J-Hope, Hobi, Hoseok … the name of an icon. I can’t believe Hope World was released in 2018, when I was still in undergrad. This album, despite being only a FEW songs, is the most concrete, prolific, perfectly themed album I have ever heard in my life. It’s a concept that carries you the whole way. The music, the tone, the lyrics, the visuals. This is Bangtan’s secret. This proves that BTS is a powerhouse of music and creative endeavours because everyone is so individually talented they can create their own PERFECT concept album in the form of an EP and it is still a no-skip album two years later. Hope World is timeless. The thematic planning that went into this album so much that J-Hope needs to cite Jules Verne in a Time Magazine interview about his mixtape shows that there’s depth to this music that you can rediscover forever. The music, the lyrics, the beat, the features… they all flow into each other perfectly and create a synchronized experience of J-Hope’s Hope World.
Namjoon did one Vlive explaining Mono and then left it alone. Again, this is Bagtan’s secret. Namjoon created a deeply emotional (and maybe more personal than anyone will ever know?) mixtape that has zero skips and shows his abilities to bounce between genres with ease. I relate to so much of “seoul” and “moonchild” and “everythinggoes.” They are perfect songs and they are small gifts to the world that we might never hear any more of, but they exist on Spotify for us to rediscover right after the 11 PM Folklore listening session. Mono is angst about the world, growing up, gaining responsibility and learning how to trust yourself. This album came out when I had just started grad school, and I know I would have related to it very well. But I am here now with a different perspective than 2018, and I have a good appreciation for it now.
Monsta X knows how to sell Monsta X. Their EP Follow: Find You is a perfect collection of pop bangers and pop ballads. Their English album All About Luv has done so well on US music charts too, so listening to their entire discography from beginning to now is such an interesting musical journey. They have really great songs that show off their talent and they are really great at emoting when they really get into it, which is why Follow: Find You is my favorite. They can go from a sultry club song to a sad love song immediately. Whatever they add their voices to, they improve and make it better than anyone else could. They’re a bit darker thematically compared to BTS, but it’s not a comparison of skills at all. They have a distinct vibe and they deliver. They are also dealing with the pressure of being internationally famous in a very normal way, which is why listening to their music, learning their stories, and enjoying the experience of Monsta X is a cultural phenomenon that I really enjoy and value. I have so much respect for Monsta X. I bought a ticket to their Live X Live show and I purchased the postcard merch because I’m trying to save the USPS. They rescheduled their US tour and it begins in April 2021 – and I’m terrified for that – but I know that when the day comes when I get to dance to “Monsta Truck” at the Forum, it will be a great day.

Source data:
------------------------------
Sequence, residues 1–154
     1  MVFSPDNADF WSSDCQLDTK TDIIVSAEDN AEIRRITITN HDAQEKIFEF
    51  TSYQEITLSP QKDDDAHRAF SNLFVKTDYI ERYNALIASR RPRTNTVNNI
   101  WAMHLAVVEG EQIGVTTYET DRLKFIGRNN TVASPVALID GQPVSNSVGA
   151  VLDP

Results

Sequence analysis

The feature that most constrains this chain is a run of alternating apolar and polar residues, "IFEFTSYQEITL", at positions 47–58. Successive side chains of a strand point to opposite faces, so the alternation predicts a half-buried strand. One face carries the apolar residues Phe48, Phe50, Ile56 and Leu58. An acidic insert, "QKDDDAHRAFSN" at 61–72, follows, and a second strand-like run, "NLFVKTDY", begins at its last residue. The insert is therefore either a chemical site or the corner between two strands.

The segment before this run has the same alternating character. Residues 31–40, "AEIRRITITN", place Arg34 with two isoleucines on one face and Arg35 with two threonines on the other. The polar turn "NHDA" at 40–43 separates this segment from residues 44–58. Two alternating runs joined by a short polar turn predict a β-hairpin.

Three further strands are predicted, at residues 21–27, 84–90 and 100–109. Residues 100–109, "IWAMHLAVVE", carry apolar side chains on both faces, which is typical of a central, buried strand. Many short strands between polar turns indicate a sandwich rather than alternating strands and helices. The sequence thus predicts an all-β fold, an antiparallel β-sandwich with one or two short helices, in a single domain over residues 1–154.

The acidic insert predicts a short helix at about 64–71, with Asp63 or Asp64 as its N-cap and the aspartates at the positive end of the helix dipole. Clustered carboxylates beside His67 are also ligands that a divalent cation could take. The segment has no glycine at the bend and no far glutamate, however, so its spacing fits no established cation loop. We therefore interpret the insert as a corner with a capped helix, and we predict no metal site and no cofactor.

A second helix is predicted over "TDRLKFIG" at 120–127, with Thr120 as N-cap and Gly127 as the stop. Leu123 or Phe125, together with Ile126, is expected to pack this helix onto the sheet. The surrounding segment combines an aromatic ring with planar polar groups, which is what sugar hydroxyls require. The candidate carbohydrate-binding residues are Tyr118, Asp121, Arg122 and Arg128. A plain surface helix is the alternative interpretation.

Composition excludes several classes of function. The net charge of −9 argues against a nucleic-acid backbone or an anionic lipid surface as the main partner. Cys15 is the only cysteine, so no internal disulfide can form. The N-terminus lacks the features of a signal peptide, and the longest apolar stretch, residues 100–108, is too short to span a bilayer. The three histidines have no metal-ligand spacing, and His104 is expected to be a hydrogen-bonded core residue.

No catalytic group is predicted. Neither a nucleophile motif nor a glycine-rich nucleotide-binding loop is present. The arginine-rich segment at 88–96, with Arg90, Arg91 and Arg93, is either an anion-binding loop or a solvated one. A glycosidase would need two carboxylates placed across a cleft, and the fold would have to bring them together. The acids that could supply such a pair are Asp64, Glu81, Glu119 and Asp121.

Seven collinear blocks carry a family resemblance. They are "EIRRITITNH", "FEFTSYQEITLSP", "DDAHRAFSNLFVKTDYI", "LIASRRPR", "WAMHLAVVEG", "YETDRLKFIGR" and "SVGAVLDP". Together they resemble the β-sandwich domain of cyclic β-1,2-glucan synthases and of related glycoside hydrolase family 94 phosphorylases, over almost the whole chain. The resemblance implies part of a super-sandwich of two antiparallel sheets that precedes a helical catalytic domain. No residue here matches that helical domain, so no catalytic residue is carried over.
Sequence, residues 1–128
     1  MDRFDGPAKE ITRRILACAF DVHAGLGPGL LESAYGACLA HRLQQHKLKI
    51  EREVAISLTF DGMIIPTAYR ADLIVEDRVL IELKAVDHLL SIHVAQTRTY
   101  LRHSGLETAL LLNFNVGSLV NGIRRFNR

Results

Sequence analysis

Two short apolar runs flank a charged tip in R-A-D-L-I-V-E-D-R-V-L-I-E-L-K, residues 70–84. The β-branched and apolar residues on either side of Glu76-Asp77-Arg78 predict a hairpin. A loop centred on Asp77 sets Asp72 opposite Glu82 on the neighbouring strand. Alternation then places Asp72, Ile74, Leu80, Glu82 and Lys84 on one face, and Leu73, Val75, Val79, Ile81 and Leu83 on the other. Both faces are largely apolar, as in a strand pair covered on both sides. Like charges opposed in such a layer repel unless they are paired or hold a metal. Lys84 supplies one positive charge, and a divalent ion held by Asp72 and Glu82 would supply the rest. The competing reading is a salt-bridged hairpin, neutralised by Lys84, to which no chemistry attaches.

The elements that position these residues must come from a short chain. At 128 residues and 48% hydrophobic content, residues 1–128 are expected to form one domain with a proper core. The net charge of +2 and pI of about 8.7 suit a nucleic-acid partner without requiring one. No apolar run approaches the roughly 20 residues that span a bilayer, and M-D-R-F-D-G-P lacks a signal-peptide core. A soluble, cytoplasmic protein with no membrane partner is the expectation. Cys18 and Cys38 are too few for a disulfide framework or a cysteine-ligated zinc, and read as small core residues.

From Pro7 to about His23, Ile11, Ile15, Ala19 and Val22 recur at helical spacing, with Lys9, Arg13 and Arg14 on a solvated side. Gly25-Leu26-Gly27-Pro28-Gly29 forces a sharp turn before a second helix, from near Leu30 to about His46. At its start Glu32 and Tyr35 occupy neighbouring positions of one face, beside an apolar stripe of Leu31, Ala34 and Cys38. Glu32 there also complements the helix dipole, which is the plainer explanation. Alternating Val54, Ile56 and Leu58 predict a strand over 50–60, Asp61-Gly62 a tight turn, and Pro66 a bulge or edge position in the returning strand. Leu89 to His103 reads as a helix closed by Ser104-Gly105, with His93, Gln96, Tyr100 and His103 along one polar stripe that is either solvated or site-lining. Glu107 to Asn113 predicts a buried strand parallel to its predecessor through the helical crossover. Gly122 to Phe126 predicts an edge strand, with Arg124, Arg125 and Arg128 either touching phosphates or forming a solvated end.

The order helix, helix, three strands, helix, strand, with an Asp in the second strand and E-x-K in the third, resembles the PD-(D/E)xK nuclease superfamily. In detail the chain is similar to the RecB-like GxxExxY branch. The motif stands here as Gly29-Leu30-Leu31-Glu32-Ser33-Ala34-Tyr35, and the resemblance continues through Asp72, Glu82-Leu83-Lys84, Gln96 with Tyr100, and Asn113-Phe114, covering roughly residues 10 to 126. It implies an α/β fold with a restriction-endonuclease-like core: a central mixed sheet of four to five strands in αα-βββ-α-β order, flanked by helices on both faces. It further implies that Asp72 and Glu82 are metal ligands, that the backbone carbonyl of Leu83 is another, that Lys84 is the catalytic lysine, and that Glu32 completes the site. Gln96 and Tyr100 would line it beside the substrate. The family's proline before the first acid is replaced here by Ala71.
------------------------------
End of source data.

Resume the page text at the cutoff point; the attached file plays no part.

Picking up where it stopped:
These are the only artists that I have listened to in the last months. It’s really exciting to find more groups and songs that pique my interest. I have a playlist called “KPOP bops” where I keep track of every KPOP song that makes me pause my music and Google the artists.
Three years have passed since I attended the VMAs. Lorde was on that award show circuit that year for Melodrama, which came out that June, and I’ve never recovered from how definitive Melodrama was for my life in 2017-2018. Melodrama is more than just an album; it’s a moment in time in everyone’s life.
KPOP is helping me through this pandemic. I’m not hopeful for any concerts in 2021. I’m not hopeful for anything I could normally be hopeful for in 2020. I’m lucky that the internet exists and I can live in a world where BTS is active and producing amazing stuff constantly. So if you’re feeling bored in quarantine, maybe open YouTube.com and type in (first: “Dynamite BTS”) “Boy with Luv BTS” and fall down the same hole that I did, and get stuck in the beautiful world of BTS. I’m so excited for their new album. Whenever it comes out, I’m ready. Whenever they want to do something, I will watch and listen.
Somewhere in my years of college, this blog became a way of memorializing the special moments in my life that mostly took place at concerts or major events in LA. It felt really awkward for the past two years because I wasn’t living in LA and I didn’t have as easy access as I used to. But now, we are in a completely different and bad situation. The only way that these experiences will come back is if we have compassion for others and do everything we can to stop the spread of COVID-19. This isn’t me saying “wear a mask so I can go to a concert,” but more of “wear a mask so we can stop the pandemic.” Please wear a mask, please wash your hands, and practice social distancing! Oh, and stream Dynamite!